The latest crisis in education seems to be the lack of STEM learning among U.S. students. There has been a huge push for educators to emphasize science, technology, engineering, and math to keep up with other developed countries who rank far ahead of us in those subjects. After all, according to recent projections, the U.S. will have more than 1.2 million job openings in STEM-related occupations by 2018. Here on Technapex we’ve been swept up in the STEM storm as well. We’ve covered prominent figures in education calling to save STEM education, what two teenagers did to demonstrate the importance of STEM at the Lego Education Learning Summit, the White House’s announcement of a STEM Master Teacher Corps, and the 2012 STEM Solutions Summit.
Our nation has become so focused on STEM learning that we’ve neglected what advocates are calling a key element in education, and that’s the Arts. STEAM advocates‘ mission statement is “to have business leaders, art professionals, educators, and others work together to educate governments, the public, and the media to the need for returning arts to the national curricula.”
According to the “STEAM Not STEM” website, “STEM is based on skills generally using the left half of the brain and thus is logic driven. Much research and data shows that activities like the Arts, which use the right side of the brain, support and foster creativity, which is essential to innovations.”
Recently Steven Ross Pomeroy wrote an article for Scientific American stating the importance of STEAM education. Pomeroy asserts that science and the arts are not at odds with each other but rather go hand in hand, citing examples of collaboration between the two evident in works by Leonardo Da Vinci, Su Song, Carl Jung’s theory of the artist-scientist, and even Steve Jobs, who describes himself and Apple workers as artists. Pomeroy writes, “Nobel laureates in the sciences are seventeen times likelier than the average scientist to be a painter, twelve times as likely to be a poet, and four times as likely to be a musician.”
The importance of arts and creativity shouldn’t be underestimated — research has shown that when given the opportunity to be creative, people are at their most innovative. Look to TED Talks for supporters of creativity: Ken Robinson’s assertion that creativity is as important as education as literacy; Dan Pink’s point that half of Google’s new products come from engineers’ “20 percent time,” or free time given to work on anything they want in the workplace; and Mae Jemison’s point that “[science and the arts] are manifestations of the same thing. The arts and sciences are avatars of human creativity.”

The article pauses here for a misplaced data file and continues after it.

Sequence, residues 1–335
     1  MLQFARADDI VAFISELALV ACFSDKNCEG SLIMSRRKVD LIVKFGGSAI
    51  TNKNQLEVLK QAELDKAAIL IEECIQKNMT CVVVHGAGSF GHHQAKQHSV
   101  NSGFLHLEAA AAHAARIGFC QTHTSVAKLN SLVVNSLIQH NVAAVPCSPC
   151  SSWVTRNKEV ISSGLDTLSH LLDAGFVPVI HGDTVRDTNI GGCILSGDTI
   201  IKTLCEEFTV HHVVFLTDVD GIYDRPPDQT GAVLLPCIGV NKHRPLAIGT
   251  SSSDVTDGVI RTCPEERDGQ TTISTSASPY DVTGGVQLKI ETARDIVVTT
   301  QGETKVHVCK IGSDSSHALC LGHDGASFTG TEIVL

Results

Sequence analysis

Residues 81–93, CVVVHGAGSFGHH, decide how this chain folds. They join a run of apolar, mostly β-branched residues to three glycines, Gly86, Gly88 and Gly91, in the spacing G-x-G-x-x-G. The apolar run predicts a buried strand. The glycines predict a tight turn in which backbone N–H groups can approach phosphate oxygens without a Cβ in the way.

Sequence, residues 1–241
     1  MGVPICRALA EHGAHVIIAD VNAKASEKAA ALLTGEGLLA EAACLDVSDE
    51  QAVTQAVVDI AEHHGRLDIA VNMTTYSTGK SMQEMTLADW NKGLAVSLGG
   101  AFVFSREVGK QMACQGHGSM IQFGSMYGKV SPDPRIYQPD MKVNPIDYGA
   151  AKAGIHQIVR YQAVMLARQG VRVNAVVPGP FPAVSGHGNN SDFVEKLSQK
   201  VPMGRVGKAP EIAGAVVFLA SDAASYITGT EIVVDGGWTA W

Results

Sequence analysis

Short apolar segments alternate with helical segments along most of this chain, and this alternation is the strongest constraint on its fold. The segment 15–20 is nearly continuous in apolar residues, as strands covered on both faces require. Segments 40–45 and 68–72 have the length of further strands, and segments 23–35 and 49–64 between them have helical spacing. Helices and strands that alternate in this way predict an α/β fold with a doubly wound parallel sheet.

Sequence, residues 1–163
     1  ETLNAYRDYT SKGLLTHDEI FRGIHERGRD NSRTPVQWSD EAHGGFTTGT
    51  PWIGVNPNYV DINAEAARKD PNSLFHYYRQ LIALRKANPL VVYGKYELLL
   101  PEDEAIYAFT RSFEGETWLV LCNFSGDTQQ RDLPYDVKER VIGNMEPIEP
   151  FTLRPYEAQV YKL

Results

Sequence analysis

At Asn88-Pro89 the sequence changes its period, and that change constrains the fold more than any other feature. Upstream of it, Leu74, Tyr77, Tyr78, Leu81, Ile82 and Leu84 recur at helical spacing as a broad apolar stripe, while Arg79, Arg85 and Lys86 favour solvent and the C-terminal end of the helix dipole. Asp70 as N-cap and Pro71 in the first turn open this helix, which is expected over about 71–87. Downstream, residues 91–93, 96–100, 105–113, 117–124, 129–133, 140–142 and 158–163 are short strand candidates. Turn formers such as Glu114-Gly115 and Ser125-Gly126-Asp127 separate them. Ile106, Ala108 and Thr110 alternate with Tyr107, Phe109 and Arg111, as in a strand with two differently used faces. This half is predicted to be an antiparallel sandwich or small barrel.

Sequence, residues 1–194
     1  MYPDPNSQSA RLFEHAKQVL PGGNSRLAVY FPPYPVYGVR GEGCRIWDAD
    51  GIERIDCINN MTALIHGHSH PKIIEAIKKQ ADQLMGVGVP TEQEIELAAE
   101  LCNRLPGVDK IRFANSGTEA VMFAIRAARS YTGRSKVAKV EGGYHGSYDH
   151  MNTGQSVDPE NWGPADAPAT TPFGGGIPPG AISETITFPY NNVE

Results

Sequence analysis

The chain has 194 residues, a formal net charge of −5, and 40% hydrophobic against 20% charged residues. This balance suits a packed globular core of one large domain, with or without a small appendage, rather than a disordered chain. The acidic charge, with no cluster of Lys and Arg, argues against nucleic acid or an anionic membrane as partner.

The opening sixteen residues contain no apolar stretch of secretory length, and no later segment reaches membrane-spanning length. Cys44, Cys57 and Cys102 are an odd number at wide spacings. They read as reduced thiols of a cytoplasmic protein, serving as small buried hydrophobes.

Pomeroy cites a study by Dr. Jerome Kagan of Harvard University, who says the arts regularly combine motor skills, perceptual representation, and language. “Art and music require the use of both schematic and procedural knowledge, and, therefore, amplify a child’s understanding of self and the world.”
In an Artinfo article on the growing demand for STEAM education, Kyle Chayka talks about the funding STEM education has received in the past few years. He cites examples in New York City, including an $100 million grant to develop the CornellNYC Tech School, and funding for high schools completely devoted to technology in the hopes of encouraging students to enter the startup job market. Chayka writes, “In the competition for funding, practical science is always going to come out ahead of art. The true dilemma is not how to make those numbers equal, but how to integrate the arts into STEM.”
Maybe it’s time for a new acronym. Maybe it’s time educators heeded the words of this one scientist (who also referred to himself as an artist) named Albert. You know, the one who discovered that theory of relativity or whatever? Einstein said: “Imagination is more important than knowledge. Knowledge is limited. Imagination encircles the world.”